The third method is based on the capital-output ratio approach and might be called the education-
output ratio method. It relates the stock of educated people and the flow of children and students
completing education at the different levels directly to the national output of goods and services without
passing through the intervening stage of making manpower forecasts. A series of linear equations are set
up relating the stock of persons who have completed a given level of education, and the number of
students at each level, to the aggregate volume of production. These equations will show how the
structure of the educational system should change with different growth rates of the economy. This
method is developed by Professor Tinbergen. Every method has its difficulties and limitations. The
problem here is that assumptions have to be made about teacher-student ratios and about the adequacy
of the relations of the education ‘mix’ to the product ‘mix’ at the base from which the projection is
made. If these assumptions are incorrectly made they will invalidate the conclusions. Further, the
differences of rates of growth in the different economic sectors, and increases of productivity, need to be
included. The range of assumptions as to the technical coefficients is very wide. None the less this
method, used with good informed judgment, is a useful exercise to be set alongside the other

A further difficulty common to both the manpower and the education output ratio approaches is the
assumption that a given output requires a fixed volume of manpower with fixed amounts of education
and training. The fact is, however, that certain latitude exists for substitution of capital for manpower in
general, and for substituting additional education and training for man-hours. A given output may be
produced with a small number of highly trained workers or a large number of less trained workers. It
may even be possible, through automation, to produce it with a smaller number of less highly trained
workers. In short, just as the choice of technology, and its implications for education, is an important
aspect of development programming, so is the choice between more education and training and less
employment, or less education and training and more employment in each sector. The broader the
categories of output, and the broader the definition of educational inputs, the less fixed are the relations
between them and the wider the area of choice. In many developing countries the shortage of data, of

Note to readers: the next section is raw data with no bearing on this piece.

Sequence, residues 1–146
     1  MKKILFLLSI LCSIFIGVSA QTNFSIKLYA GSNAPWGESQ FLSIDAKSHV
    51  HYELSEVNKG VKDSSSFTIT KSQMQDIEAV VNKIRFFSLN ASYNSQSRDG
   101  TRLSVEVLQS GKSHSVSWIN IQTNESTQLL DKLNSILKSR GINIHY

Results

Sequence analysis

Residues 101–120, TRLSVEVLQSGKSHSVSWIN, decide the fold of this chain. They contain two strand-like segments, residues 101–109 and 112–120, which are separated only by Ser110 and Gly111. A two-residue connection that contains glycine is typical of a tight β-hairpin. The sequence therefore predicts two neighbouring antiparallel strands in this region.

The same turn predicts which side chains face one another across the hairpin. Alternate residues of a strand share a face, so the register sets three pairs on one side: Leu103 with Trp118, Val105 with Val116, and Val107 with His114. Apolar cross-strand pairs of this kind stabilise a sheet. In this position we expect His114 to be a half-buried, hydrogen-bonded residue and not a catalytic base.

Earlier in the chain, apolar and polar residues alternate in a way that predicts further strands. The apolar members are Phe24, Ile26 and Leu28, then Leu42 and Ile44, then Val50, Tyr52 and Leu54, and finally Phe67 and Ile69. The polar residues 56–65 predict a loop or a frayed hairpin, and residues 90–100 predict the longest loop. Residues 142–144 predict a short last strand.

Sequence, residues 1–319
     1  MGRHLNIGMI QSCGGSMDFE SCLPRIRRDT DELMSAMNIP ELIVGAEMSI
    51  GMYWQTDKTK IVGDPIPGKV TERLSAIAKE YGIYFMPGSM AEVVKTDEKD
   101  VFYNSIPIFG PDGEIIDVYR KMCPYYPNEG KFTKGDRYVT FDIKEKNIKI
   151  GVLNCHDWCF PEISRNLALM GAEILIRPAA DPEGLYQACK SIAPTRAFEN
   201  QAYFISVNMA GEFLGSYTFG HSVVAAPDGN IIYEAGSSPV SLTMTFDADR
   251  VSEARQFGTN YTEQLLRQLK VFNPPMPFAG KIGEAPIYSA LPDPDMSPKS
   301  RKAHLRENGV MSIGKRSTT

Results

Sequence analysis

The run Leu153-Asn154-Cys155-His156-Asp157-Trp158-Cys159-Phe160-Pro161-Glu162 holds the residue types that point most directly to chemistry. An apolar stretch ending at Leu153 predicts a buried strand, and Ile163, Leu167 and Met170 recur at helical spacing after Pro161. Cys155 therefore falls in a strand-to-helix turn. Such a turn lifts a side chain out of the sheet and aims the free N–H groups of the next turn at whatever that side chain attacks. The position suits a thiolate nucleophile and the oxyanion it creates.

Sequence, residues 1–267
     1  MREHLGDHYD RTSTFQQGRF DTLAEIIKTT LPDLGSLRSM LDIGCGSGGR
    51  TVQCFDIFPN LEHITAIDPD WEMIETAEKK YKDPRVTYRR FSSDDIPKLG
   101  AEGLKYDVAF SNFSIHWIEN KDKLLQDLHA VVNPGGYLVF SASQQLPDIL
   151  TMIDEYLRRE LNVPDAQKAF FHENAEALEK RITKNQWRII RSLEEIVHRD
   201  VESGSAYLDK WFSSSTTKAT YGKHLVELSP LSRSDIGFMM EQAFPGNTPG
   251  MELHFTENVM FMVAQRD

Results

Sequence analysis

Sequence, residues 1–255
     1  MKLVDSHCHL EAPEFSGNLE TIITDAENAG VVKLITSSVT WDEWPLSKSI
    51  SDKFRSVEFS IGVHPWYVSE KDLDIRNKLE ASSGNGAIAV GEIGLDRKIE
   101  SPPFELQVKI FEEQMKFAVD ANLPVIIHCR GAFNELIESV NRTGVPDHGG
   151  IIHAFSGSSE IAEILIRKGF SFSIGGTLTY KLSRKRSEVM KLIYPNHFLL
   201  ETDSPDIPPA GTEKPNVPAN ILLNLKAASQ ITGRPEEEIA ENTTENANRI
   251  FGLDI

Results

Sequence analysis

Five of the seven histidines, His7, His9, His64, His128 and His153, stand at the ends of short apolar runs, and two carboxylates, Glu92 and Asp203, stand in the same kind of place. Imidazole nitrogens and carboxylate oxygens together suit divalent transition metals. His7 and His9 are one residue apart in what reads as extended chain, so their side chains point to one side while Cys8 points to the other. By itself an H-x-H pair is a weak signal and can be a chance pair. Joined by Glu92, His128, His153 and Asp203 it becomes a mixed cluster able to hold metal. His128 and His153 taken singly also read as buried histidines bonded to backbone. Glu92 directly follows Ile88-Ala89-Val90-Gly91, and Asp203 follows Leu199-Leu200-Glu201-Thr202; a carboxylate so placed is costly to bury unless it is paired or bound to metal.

mathematical statisticians, and of computing facilities, would not permit computation and projection of
relationships among large numbers of output categories and large numbers of education projects. In
such cases, the choice of parameters to be used for projection-a choice which is a policy decision and not
a matter of statistical analysis alone-is more important than the projection as such. The model provided
by Professor Tinbergen, however, breaks new ground in setting out a comprehensive system of variables
and relationships which provide a conceptual basis for a quantitative estimation for the planning of the
educational system.


The fourth is the aggregate method. This method tries to relate educational needs to the whole demand
of society for education rather than to the level of output or to manpower, and is based on norms and
patterns which emerge from an empirical study of the educational situation in countries at different
stages of development. Among them are (a) the proportion of GNP devoted to education globally and (if
possible) by sector; (b) the proportion of public expenditure devoted to education and its different
sectors; (c) the proportion of over-all investment devoted to education; (d) the proportion of the
population enrolled at the different educational levels; (e) the above information corrected by estimates
of wastage; (f) the proportions of the school-age and student population enrolled at different levels.
Patterns of educational development in relation to over-all development can be seen by setting these
coefficients against indices of economic growth and social attainment. Social indices can be used with
the help of ranking techniques. Use can also be made of data on what appear to be irreversible trends,
e.g. the movement from primary to secondary and tertiary occupations, and estimates of the relative
rates of growth of more highly qualified manpower in relation to the total growth of the labor force. A
number of problems arise in respect of the interpretation of the coefficients listed. For example, the
proportion of GNP spent on education will vary with the age composition of the population and not
reflect an equality of effort. Another variant strongly influencing the comparison is the ratio of per capita
teachers’ salaries to per capita income, as the country differences are wide and the greatest proportion
of educational cost is made-up of teachers’ remuneration. A full study of this approach is contained in
Professor Harbison’s chapter in this volume.


Fifth, there is what we may call the human resources assessment approach which is a comprehensive
one. It was developed by Professor Harbison. It starts from the position that education is one of the main
sources of human resource formation, other sources being measures in the fields of manpower,
employment, training and health. The strategy of human resource development consists of integrating
these factors with general economic and social development planning. It takes into consideration such
factors as the scale of development feasible considering the availability of specialized manpower, the
scale of development needed to absorb the backlog of unemployed and the new entrants to the labor
force, the extent of in-service training in industry, the pattern of investment priorities envisaged in the
plan and the broad economic, social and educational goals of development planning.